Alan Heller, the manufacturer of elegant, often whimsical but always affordable homewares and furniture that combines high-quality design with prosaic plastic, died August 13 at his Manhattan home. He was 81.
Barbara Bluestone, his companion who confirmed the death, gave no cause, but said he had been in ill health for many years.
The son of a household goods manufacturer, Mr. Heller, who had graduated for a year in 1966 and had an extremely short career selling ironing board covers, saw a set of stackable plastic plates and cups in a museum exhibit.
The dinnerware was the work of Massimo Vignelli, the Italian designer and graphic purist responsible for the New York City subway map, Bloomingdale’s logo, and other visual staples of the late 1960s and 1970s.
The pieces were astonishingly simple, like the Helvetica font that Mr. Vignelli would become famous for. The plates had rims designed to be stacked on top of each other, and the coffee cups, large enough for just a few shots of espresso, had handles that sprouted from the cup rims like curved waterslides. The service had won the Compasso d’Oro, the Italian design Oscar, in 1964 and a set had been purchased by the Museum of Modern Art in New York for its permanent collection.
Mr. Heller had been beaten. He sought out Mr. Vignelli, who had since moved to New York City, and the two struck a deal to re-produce the pieces. (The original manufacturer, a Milanese company that had also made Mickey Mouse ashtrays, had gone out of business.) But first, some changes had to be made.
Americans liked their caffeine in large mugs (few then drank espresso), and they tended to fill those cups to the brim, which meant that Mr. Vignelli’s refined handle design and serrated cup rim had to be modified to make hot coffee. stop spilling on American drinker’s hand.
“It was like pulling the wings of a butterfly,” Mr. Vignelli often said of those changes, as Michael Bierut, former vice president of graphic design at Vignelli Associates, recalls. “All you’re left with is a bug.”
But Mr. Vignelli wasn’t exactly bitter, and he, his wife and design partner, Lella Vignelli, and Mr. Heller became lifelong friends and collaborators, making Heller dinnerware, as they called it, in many iterations, most spectacularly. in rainbow colors. For Americans of a certain age, Heller dinnerware is as powerful as a madeleine as a Marimekko print until the 1970s.
“Alan understood how good design can make your life more fun and enjoyable,” said Suzanne Slesin, a longtime design writer and publisher and a former reporter for NewsMadura. “He made plastic objects that had integrity and beauty – something you wanted to collect and display – and that was affordable. It was a design for everyone.”
When the sassy French designer Philippe Starck wanted to make a toilet brush in the early 1990s, he turned to Mr. Heller to develop the technology for it and create its special shapes. The brush, marketed as Excalibur, for King Arthur’s sword, came in pastel shades, and when unsheathed it resembled a flower from outer space.
A lightweight, molded plastic chair designed in the late ’90s by Italian architect and industrial designer Mario Bellini, was another hit for Mr. Heller – and his first piece of furniture. It is an essentialist object, a chair reduced to its purest form, and economical, originally priced at less than $100, in keeping with Mr. Heller’s ethos of feasible design.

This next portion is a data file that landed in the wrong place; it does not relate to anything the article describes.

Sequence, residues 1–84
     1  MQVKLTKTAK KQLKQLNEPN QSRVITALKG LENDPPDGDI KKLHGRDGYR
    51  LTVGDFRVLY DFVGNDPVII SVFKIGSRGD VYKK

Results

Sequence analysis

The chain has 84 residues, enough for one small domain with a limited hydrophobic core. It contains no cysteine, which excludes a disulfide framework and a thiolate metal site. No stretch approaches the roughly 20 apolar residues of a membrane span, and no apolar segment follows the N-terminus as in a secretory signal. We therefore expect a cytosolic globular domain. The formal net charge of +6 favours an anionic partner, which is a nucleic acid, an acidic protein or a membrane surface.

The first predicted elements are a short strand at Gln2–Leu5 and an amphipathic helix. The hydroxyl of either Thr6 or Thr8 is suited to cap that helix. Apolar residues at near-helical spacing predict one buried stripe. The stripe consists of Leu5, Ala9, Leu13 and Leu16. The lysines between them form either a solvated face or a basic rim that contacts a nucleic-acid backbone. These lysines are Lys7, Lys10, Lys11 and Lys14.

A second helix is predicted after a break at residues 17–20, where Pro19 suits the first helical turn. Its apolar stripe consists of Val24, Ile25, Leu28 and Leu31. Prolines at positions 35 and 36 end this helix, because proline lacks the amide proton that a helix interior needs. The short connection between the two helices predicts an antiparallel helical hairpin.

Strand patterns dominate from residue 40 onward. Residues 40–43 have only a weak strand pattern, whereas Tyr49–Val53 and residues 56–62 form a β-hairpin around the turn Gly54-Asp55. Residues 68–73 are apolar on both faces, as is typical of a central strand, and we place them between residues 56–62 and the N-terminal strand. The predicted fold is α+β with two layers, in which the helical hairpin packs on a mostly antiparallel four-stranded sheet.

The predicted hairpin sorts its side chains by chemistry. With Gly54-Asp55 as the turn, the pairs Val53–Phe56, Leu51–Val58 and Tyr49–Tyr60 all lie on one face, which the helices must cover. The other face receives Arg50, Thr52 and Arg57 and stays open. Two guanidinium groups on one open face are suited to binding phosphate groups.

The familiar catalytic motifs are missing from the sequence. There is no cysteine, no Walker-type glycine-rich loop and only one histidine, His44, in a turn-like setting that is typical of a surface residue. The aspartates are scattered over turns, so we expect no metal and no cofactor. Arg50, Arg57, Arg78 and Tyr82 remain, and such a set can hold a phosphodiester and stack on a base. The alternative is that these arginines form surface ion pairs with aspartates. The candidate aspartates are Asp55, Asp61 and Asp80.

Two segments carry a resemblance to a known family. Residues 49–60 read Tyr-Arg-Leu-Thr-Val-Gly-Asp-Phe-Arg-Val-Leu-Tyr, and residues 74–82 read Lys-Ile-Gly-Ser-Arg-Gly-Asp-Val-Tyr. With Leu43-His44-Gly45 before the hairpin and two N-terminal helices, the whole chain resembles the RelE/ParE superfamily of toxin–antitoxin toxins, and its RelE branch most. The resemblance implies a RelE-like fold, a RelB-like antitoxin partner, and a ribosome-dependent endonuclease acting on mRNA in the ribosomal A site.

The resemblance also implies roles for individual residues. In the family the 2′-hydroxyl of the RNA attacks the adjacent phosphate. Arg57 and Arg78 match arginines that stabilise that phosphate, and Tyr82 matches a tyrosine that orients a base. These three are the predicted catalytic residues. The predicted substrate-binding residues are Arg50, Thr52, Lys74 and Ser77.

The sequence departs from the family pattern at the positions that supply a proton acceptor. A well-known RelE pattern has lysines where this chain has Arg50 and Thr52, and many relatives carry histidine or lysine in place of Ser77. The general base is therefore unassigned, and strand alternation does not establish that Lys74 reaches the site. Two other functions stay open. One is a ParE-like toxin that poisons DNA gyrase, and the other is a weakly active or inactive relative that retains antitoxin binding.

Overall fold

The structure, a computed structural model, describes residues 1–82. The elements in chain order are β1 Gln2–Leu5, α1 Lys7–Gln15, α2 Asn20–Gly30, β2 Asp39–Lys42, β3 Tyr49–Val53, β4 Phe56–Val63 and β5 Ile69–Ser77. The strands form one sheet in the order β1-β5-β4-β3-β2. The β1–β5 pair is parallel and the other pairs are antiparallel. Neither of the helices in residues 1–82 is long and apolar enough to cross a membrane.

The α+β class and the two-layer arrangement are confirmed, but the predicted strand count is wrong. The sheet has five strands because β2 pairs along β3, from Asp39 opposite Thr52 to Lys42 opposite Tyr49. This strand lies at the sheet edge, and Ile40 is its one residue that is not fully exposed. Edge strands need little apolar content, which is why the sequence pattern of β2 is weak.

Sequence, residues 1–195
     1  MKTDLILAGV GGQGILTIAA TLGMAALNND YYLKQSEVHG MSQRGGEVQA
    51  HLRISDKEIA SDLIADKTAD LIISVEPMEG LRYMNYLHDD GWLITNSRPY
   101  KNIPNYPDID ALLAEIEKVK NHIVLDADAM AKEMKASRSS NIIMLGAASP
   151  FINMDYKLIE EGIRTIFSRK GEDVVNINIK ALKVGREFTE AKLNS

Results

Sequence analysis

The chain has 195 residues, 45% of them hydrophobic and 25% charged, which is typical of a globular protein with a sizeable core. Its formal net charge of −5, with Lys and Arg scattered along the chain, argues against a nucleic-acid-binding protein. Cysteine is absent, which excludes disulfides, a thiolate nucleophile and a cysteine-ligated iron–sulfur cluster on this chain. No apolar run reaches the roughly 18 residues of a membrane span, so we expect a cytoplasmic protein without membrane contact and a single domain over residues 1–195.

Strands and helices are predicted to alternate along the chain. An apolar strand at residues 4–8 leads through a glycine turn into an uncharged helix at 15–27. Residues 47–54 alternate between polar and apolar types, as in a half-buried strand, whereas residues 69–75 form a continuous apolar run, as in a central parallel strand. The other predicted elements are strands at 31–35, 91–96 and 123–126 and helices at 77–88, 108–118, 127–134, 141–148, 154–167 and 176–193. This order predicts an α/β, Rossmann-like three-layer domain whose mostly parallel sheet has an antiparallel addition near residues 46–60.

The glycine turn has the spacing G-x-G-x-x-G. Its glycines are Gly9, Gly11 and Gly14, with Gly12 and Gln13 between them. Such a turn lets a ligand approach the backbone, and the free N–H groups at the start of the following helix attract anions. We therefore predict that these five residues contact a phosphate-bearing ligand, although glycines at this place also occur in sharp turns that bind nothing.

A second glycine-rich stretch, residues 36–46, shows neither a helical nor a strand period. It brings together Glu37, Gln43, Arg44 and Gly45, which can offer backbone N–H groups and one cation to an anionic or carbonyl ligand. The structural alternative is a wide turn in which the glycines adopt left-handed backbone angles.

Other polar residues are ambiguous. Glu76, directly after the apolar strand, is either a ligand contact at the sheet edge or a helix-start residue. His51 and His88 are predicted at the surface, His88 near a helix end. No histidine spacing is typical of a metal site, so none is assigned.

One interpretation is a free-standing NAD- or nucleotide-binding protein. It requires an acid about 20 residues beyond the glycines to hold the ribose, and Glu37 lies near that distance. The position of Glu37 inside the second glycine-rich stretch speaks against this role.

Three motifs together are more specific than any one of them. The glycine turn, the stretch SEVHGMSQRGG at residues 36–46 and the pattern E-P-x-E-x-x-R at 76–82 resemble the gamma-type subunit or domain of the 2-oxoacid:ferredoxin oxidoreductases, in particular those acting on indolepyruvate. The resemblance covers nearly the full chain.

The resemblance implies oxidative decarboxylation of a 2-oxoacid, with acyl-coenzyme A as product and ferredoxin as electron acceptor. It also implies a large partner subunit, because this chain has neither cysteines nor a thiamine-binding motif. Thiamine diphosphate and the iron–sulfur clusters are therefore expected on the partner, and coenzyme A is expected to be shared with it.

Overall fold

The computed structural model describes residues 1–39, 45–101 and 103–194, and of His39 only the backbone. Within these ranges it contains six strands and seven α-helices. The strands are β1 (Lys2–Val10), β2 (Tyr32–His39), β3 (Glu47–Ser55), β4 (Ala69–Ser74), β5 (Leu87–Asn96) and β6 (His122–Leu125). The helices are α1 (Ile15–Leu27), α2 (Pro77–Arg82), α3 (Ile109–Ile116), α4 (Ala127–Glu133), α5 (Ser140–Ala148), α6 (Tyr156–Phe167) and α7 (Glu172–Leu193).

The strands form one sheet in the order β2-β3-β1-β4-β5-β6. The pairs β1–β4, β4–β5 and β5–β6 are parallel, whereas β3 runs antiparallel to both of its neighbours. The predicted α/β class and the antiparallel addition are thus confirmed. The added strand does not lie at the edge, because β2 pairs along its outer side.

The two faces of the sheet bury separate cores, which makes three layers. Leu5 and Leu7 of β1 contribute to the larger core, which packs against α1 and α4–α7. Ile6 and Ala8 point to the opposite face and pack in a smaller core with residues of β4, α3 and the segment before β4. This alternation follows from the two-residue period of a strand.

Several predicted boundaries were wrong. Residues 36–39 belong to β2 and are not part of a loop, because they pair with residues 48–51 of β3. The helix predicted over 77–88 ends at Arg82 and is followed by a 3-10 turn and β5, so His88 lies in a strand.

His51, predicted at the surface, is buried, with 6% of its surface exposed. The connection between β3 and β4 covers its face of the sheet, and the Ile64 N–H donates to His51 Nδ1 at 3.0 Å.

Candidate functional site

When retailer Design Within Reach opened in 1999, the Bellini chair was a featured product in its first catalog and was one of the company’s bestsellers for many years. It earned Mr Bellini a Compasso d’Oro in 2001.
(In 2009, Mr. Heller sued the company for throwing it off the chair — the Bellini manque was dubbed the “Alonzo” and cost about $50 less than the original — as did a number of designers who were also copied. New management stopped the practice, and the original Bellini chair is “still a consistently selling classic,” said John Edelman, a former chief executive of Design Within Reach.)
“Alan wanted to do what was unusual,” says Gordon Segal, founder of Crate & Barrel, an early source for Heller dinnerware. “He never wanted to do what was easy. Hellerware was difficult to produce and cost twice as much as other plastics because of its unique construction.”
He added: “Plastic was ugly and cheap at the time. But Alan and the Vignellis had made something beautiful that could be abused. You could put it in the dishwasher. You could drop it. And it lasted forever. My family still has an original set. In the beginning it was difficult to sell. We had to convince people that plastic was worth paying for. It took courage for Alan to do what he did.”
Alan Jay Heller was born on May 13, 1940 in Port Chester, NY, and grew up in nearby White Plains. His father, Jacob Heller, manufactured aluminum housewares, most notably Heller Hostessware Colorama, a line of anodized aluminum pieces that includes a set of rainbow-colored cups—a mid-century classic—and a revolving “Happy Birthday” cake plate. His mother, Ruth (Robinowitz) Heller, was a housewife who died of breast cancer when Alan was 13. He received a bachelor’s degree from the New School for Social Research in 1965.
An early marriage to Beverly Glassenberg ended in divorce. In addition to Mrs. Bluestone, Mr. Heller leaves behind his sisters, Suzanne Heller and Faith Willinger.
In addition to the Vignellis, Mr. Starck and Mr. Bellini, Mr. Heller’s company, Heller Inc., made furniture for other designers, including Frank Gehry – Flinstonian indoor/outdoor sofas and tables in primary colors – and Studio 65, for which he produced a dramatic bright red couch shaped like lips.
“Without guys like Alan,” Lester Gribetz, then vice president of Bloomingdales, told design writer Arlene Hirst in 1985, “this would be the most boring industry in the world.”